“The value of a work of art hinges on whether or not it sells” one of Hideko’s friends points out while she adds “We should be proud that art is profitable”, a sentiment that hugely offends Shohei (Ryoji Hayama), the beret-wearing leader of another artist circle the gang enlist to help them pay for the rental of the gallery. Though he concedes to Hideko’s argument that her father’s gallery is a business enterprise, not a charity, Shohei is somewhat horrified by the casual equation of art and commerce, shocked that the girls view their flower arranging as a practical more than an aesthetic skill. Still, in another irony it turns out that his talent is for business rather than art, shrewdly steering Sohei’s success rather than his own when it’s clear his work is the standout in the gallery. Just like Sugimoto had, he eventually resolves to give up his artistic dreams after falling in love with Hideko, planning to marry into her family and take over the Sugimoto store. She meanwhile, had described him as not good marriage material, “no poor painters for me, only rich men” but is apparently in favour of his selling out if only in that it ironically makes him more himself. 

As we discover there are more than a few reasons besides the beret that Sugimoto keeps feeling Shohei reminds him of someone else even as he finds himself wary of him, pointlessly trying to set Hideko up with someone more “suitable” just as she makes a point of inviting a series of alternative widowed, middle-aged ladies to the gallery opening not so much because she particularly objects to Kotoko but she’s worried her dad might get bamboozled into something without properly surveying his options. While Sugimoto remains maudlin and filled with regret though perhaps putting the past aside through a symbolic act of closure, the youngsters are cheerfully cynical, practical in the way the older generation are always telling them to be but are perhaps disappointed in them for not having dreams or aspirations beyond those of claiming or maintaining or their chosen status in life. “Art is money” Hideko is fond of saying, and it’s true enough in so much as money is an art and the one which seems at least to have captivated the post-war generation eagerly awaiting the advent of the consumerist revolution. 


Suzaki Paradise: Red Light (洲崎パラダイス 赤信号, Yuzo Kawashima, 1956)

Suzaki paradise posterBy 1956, things were beginning to look up. Post-war privation was receding into the distance with the consumerist future already on the horizon, but as much as there were possibilities for some others found themselves floundering, unable to find direction in a world of constant change. Yuzo Kawashima’s Suzaki Paradise: Red Light (洲崎パラダイス 赤信号, Susaki Paradise: Akashingo)* was released in the same year that the anti-prostitution law came into force forever changing the face of the red light district and like its heroes finds itself hovering on a precipice caught between an old world the new.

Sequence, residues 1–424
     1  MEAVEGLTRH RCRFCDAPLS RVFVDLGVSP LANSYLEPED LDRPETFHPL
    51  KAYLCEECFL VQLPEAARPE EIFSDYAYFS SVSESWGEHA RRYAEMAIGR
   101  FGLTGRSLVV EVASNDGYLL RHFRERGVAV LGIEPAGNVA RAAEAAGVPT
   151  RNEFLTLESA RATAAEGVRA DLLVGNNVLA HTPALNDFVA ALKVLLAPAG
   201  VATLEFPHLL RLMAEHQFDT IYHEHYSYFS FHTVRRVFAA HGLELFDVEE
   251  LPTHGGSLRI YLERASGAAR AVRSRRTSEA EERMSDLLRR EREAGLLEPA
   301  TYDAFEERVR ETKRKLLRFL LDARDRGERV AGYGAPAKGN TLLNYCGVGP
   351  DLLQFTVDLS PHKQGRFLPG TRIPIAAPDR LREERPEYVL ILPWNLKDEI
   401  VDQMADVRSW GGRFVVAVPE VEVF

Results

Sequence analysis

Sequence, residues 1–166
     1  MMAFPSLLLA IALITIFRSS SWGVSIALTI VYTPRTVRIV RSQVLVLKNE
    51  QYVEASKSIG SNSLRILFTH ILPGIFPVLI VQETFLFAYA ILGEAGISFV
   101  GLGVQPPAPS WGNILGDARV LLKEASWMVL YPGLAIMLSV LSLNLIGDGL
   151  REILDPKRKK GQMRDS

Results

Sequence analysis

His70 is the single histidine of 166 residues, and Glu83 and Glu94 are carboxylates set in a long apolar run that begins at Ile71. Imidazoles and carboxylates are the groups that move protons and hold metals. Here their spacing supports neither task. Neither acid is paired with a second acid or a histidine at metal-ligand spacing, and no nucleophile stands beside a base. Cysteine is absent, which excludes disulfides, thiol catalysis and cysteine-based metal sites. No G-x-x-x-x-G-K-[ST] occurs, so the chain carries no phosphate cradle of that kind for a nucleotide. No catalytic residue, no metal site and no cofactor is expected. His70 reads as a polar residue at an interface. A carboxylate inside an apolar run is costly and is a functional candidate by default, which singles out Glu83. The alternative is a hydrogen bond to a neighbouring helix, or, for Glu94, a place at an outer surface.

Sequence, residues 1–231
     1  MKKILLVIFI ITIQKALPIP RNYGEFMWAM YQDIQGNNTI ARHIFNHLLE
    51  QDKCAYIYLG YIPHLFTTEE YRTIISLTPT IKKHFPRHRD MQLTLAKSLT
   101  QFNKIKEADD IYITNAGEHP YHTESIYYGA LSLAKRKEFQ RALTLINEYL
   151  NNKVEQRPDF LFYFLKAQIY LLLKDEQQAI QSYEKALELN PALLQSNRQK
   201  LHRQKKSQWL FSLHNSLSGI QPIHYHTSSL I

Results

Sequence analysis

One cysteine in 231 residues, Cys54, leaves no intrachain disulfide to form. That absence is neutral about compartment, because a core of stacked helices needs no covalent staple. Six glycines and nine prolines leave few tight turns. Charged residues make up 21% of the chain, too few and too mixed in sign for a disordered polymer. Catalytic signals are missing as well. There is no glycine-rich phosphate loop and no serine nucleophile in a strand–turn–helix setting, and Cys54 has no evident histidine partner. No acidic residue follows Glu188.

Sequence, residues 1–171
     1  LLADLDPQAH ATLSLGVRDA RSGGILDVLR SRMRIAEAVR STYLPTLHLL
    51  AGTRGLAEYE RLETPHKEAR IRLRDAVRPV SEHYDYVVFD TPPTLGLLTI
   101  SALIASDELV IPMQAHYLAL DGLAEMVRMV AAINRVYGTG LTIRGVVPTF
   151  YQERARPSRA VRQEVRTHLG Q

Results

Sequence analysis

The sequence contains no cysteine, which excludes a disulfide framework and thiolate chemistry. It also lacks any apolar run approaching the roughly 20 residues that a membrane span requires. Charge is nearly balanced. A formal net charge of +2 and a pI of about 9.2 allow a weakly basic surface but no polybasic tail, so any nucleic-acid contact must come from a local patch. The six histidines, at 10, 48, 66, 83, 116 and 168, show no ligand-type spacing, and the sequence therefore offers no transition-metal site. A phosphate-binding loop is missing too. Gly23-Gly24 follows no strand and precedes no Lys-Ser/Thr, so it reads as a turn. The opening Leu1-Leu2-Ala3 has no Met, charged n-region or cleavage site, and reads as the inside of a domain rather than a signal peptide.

Lovers Tsutae (Michiyo Aratama) and Yoshiji (Tatsuya Mihashi) have found themselves at a crossroads, or more accurately on a bridge, unsure whether to go forward, or back, or some other place entirely. Tsutae is disappointed in Yoshiji, expecting him as the man to have some kind of plan, while he is a little resentful of her fortitude and tendency to take the lead. Yoshiji grows maudlin and moody, berating himself for his failure of manhood, a failing for which Tsutae has little sympathy. Fed up with him, she runs off and catches a bus. He chases her, and they both get off at Susaki, home to a famous red light district. Yoshiji isn’t happy with this development, worried that Tsutae will cross the bridge and fall back into her “old self”, perhaps hinting at the kind of life she lived before. Luckily for them, Tsutae spots a help wanted sign at a tiny bar firmly on this side of the river. The landlady, Otoku (Yukiko Todoroki), is a kind woman raising her two sons alone, but is wary of handing the job to a woman the like of Tsutae. As she tells her, no one stays here long, most just see it as a stepping stone, a place where they can acclimatise themselves to the idea of crossing the bridge into the ironically named “Susaki Paradise”.